Dior, The Weal of Fortune


Evening Clutch DIOR with top-handle with white lambskin embroidered with the Tarot card “The Weal of Fortune”.


DIOR, The Art of Color


The three designers who have succeeded each other as head of House makeup share their creative process and interpretation of color through a selection of photographs and artworks published in the Rizzoli book Dior: The Art of Color.


From the first pages, the iconic looks and shades enter into a dialogue with works of art. A pink snapshot from the series Make-Up Art by Serge Lutens from 1972 is inspired by the pointillism of the Georges Seurat painting Model in Profile; the face with white marks created by Tyen in Vogue in 2009 is reflected in a statue by Don Brown; red lips drawn by Peter Philips in 2003 make reference to The Banquet by René Magritte.


The artistic and chromatic expression of these three creators is revealed over the course of twelve chapters that focus the spotlight on white, silver, nude, pink, red, violet, blue, green, yellow, gold, gray and black. This selection of hues constitutes the House’s makeup palette, perpetuating the art of color initiated by Christian Dior. Each is explored in turn through their singular history, their significance, and through exclusive interviews with Serge Lutens, Tyen and Peter Philips. “Color allows for an exceptional kind of communication. It’s possible to express oneself in a way words simply cannot. For me, it’s the incarnation of emotions,” the last one states. Today, as Creative and Image Director of Dior Makeup, Peter Philips makes color his signature. As a result, he has produced a unique portfolio for the tome, photographed by Richard Burbridge, in which each pigment comes alive on the models’ faces and bodies.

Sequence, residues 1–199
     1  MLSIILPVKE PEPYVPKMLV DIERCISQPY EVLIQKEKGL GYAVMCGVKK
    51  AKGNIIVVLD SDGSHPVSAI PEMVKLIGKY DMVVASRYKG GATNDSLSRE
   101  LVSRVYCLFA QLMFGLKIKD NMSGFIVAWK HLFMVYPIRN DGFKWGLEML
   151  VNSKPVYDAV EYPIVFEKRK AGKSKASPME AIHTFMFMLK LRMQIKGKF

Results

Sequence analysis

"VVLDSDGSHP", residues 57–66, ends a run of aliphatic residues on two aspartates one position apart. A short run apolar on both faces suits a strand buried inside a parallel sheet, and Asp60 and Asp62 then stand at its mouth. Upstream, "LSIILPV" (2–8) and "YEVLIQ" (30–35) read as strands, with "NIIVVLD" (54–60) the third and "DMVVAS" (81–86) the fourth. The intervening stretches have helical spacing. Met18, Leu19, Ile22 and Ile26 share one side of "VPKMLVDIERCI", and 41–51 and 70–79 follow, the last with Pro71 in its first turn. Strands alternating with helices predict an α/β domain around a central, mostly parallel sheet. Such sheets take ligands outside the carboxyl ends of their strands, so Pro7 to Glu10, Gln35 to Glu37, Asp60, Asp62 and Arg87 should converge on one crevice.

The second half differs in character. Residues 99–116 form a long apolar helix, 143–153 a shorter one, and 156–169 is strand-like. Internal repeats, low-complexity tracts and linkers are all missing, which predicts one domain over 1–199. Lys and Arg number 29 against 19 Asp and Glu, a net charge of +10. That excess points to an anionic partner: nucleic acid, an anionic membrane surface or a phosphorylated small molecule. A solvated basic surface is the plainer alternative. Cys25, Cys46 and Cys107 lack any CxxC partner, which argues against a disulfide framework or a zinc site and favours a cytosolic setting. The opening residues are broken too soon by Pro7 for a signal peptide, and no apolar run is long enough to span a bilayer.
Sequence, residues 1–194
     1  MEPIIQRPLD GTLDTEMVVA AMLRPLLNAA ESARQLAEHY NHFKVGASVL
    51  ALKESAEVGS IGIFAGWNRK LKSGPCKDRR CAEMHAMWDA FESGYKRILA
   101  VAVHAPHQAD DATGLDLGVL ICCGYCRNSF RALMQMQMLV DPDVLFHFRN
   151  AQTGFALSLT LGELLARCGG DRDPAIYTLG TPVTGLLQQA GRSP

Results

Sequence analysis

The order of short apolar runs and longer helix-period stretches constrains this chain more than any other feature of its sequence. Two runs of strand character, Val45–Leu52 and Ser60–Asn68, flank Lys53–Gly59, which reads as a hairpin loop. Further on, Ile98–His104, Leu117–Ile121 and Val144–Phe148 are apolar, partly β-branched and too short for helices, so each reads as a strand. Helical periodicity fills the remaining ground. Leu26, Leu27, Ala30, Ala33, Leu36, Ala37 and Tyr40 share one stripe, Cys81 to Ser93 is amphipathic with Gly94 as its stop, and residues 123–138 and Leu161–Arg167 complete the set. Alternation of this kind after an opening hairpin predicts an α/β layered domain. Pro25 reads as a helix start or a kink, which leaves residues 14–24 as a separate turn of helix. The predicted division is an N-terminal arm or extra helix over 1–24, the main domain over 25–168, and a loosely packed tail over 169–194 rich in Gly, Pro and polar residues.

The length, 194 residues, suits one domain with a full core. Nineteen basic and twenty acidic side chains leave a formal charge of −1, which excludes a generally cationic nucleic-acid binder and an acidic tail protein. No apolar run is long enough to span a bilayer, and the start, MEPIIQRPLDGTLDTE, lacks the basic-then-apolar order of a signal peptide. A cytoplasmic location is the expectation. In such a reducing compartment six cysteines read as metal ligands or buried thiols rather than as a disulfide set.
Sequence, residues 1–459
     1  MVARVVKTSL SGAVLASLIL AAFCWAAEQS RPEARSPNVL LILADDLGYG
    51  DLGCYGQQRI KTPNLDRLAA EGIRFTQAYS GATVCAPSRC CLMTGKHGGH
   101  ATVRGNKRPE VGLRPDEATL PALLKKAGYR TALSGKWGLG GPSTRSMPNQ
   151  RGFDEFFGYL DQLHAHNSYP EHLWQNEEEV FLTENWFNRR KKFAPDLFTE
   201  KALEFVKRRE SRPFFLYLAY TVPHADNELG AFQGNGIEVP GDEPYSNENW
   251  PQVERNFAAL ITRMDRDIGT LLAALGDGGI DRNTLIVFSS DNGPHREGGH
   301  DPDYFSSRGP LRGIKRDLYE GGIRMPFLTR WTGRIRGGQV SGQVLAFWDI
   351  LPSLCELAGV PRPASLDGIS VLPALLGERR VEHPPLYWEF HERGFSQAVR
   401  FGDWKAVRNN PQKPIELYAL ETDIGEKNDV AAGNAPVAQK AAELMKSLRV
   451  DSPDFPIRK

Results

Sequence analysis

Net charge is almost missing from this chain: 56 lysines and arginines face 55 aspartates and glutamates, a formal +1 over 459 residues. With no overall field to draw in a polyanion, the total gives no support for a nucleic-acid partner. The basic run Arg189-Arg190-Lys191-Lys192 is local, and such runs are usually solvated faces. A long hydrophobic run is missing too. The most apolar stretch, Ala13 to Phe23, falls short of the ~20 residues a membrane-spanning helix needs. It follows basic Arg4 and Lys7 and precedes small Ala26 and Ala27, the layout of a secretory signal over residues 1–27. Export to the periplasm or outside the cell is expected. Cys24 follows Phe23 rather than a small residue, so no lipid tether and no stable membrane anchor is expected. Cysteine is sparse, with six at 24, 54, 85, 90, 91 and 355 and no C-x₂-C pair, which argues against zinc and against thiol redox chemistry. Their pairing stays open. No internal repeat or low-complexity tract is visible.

Dior, The Art of Color- by Jerry Stafford (texts) and Marc Ascoli (Artistic Direction),

Rizzoli Editions, €100


See movie Dior by Peter Philips – Behind the scenes



Launches the Loewe Craft Prize

LOEWE Craft Prize is an annual international prize recognising an outstanding work of craftsmanship that pairs an original artistic concept with a modern application of traditional methods. The award seeks to acknowledge and support international artisans of any age (over 18) who demonstrate an exceptional ability to create objects of superior aesthetic value. By identifying work that reinterprets existing knowledge to make it relevant today while reflecting its maker’s personal language and distinct hand, the Loewe Foundation aims to highlight the continuing contribution of craft to the culture of our time.
26 finalists were announced on February and the winner prize will be announced on April 10.
The Prize for the winning entry is 50,000 euros. The winning work selected by the Jury, as well as the works of the finalists selected by the Experts Panel will be included in an exhibition and accompanying catalogue “LOEWE Craft Prize 2017”, on view in Madrid and subsequently travelling to other cities in Europe, Asia and the United States.



Adi Toch, UK

Sangwoo Kim, Republic ok Korea
Fátima Tocornal, Spain
Zhilong Zheng, China
Bae Sejin, Republic of Korea
Artesanías Panikua (Antonio, Gabriela and Verónica Cornelio; Bertha Esperanza Villagómez), Mexico